Your youngest generation is sure to notice kids on their cell phones responding to e-mail, but do they appreciate the etiquette? Japan’s DoCoMo i-phone system is one of the world’s most sophisticated. Cell phone wrist straps are decorated with icons ranging from Hello, Kitty to Eminem. Fortunately, you’ll rarely hear the thousands of pop tunes that sound instead of rings, because they have been muted. The Japanese feel it is very inconsiderate to annoy others with noise — even coughs. Another aspect of good manners: People walking around in surgical masks are taking precaution to protect passersby from their colds or germs. Bowing is another obvious form of manners; even the computer-generated characters on payphone LEDs ‘bow’ to customers after your phone card is inserted. Non-smokers will be pleased to know that a few years ago, seven districts throughout the city became No Smoking zones, both indoors and out, as a courtesy to others.
Old & New Drama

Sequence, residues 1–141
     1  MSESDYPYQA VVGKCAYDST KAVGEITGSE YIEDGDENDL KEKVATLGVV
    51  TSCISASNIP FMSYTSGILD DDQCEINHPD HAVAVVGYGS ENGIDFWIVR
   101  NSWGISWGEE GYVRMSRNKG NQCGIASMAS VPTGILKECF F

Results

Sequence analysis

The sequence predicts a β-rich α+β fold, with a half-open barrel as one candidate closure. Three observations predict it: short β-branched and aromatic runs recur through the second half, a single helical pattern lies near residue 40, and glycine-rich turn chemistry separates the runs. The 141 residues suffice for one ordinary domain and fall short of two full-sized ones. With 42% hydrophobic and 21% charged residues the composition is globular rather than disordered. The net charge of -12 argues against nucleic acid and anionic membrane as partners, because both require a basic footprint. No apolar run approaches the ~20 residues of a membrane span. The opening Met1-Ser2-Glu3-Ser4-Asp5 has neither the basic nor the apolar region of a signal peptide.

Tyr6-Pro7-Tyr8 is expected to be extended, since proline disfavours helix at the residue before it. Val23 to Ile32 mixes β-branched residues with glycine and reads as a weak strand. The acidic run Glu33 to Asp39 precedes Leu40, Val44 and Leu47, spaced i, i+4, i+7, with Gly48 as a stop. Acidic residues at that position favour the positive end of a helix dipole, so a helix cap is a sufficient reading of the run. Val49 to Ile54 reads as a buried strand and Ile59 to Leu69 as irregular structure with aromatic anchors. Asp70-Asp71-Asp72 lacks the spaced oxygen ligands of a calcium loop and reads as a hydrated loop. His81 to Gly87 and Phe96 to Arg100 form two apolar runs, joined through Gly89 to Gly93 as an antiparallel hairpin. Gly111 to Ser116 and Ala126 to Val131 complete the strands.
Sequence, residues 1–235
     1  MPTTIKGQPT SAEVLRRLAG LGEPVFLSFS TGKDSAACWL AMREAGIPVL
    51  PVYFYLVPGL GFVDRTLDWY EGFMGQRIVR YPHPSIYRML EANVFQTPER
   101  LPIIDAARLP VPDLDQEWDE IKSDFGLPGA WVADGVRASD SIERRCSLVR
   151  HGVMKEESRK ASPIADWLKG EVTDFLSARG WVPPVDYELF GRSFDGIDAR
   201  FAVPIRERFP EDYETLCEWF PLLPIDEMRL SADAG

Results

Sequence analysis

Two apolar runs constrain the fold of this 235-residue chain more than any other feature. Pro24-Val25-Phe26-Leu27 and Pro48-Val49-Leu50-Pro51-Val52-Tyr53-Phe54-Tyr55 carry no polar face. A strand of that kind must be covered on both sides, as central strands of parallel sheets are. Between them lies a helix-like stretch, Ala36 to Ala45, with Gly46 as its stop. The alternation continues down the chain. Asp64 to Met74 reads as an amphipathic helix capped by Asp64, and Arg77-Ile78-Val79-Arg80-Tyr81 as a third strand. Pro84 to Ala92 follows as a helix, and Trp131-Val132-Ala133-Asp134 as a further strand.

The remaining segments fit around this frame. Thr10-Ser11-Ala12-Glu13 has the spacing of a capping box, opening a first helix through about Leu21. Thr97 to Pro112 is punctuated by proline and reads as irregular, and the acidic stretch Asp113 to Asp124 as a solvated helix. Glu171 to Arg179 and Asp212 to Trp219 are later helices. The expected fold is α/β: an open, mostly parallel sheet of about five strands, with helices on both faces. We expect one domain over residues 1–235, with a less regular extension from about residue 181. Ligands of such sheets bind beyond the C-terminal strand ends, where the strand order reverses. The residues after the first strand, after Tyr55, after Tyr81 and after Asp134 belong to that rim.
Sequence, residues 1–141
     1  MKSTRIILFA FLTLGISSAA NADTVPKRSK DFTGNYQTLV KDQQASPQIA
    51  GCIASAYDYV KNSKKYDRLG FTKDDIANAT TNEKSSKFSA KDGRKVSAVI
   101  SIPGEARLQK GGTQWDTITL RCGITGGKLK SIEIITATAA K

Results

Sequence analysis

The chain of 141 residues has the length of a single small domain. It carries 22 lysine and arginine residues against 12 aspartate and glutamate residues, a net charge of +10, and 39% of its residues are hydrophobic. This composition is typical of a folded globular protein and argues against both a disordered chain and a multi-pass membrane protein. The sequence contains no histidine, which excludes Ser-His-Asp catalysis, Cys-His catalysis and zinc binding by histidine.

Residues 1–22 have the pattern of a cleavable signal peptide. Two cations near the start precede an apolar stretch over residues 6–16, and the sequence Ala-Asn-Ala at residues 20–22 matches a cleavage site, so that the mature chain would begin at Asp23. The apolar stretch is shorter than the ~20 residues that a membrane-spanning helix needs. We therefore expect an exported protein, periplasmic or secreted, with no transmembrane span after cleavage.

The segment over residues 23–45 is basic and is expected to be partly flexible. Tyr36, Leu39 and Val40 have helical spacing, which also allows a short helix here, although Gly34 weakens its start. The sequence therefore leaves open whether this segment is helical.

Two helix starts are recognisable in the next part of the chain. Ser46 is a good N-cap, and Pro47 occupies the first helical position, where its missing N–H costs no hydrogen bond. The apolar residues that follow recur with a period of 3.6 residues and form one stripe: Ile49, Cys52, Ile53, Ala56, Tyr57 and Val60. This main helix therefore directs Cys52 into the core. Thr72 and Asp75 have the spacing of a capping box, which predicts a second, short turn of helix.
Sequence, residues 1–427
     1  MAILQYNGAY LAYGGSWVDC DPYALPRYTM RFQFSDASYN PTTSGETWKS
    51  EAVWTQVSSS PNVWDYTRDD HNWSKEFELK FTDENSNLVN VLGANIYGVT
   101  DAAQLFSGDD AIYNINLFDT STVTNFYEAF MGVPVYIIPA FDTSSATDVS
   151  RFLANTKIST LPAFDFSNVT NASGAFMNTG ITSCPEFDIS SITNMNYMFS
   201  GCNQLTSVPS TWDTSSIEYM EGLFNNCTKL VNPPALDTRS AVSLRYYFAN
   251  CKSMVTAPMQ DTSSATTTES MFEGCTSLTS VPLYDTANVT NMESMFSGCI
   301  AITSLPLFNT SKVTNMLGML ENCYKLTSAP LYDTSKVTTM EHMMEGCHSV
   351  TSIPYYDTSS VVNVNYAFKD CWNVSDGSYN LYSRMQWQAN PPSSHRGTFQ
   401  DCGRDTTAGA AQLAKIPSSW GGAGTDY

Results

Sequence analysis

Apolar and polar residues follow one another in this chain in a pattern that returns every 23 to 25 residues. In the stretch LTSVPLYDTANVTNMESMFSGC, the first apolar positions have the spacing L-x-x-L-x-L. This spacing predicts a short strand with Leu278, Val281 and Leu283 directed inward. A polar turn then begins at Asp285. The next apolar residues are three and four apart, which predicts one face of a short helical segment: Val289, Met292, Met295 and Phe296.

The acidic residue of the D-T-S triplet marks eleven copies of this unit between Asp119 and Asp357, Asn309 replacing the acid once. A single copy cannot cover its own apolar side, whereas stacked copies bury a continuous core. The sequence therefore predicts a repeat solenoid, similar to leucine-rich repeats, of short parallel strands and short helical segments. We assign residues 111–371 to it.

A favorite traditional pastime of Japanese grandparents is Kabuki, the traditional musical theatre. At our visit, two of Japan’s National Living Treasures (isn’t that a wonderful designation for a grandparent?) were performing at Kabuki-za, the city’s principal theater. Unsure of our 9-year-old’s ability to sit through a Kabuki performance (and I admit, of our own), we were dismayed to learn that orchestra seats were over $90 each. In another example of Japanese thoughtfulness, the theater’s management has set aside a limited number of cheap seats in the uppermost balcony for those who only want to watch one scene from the whole. There is a 20-minute intermission between each scene, allowing enough time for the many grandparents, toddlers in hand, to descend the three flights of stairs. At our performance, a 2-year-old in silk robes was making his stage debut as the “Spirit of the Buddha”; quite a crowd-pleaser.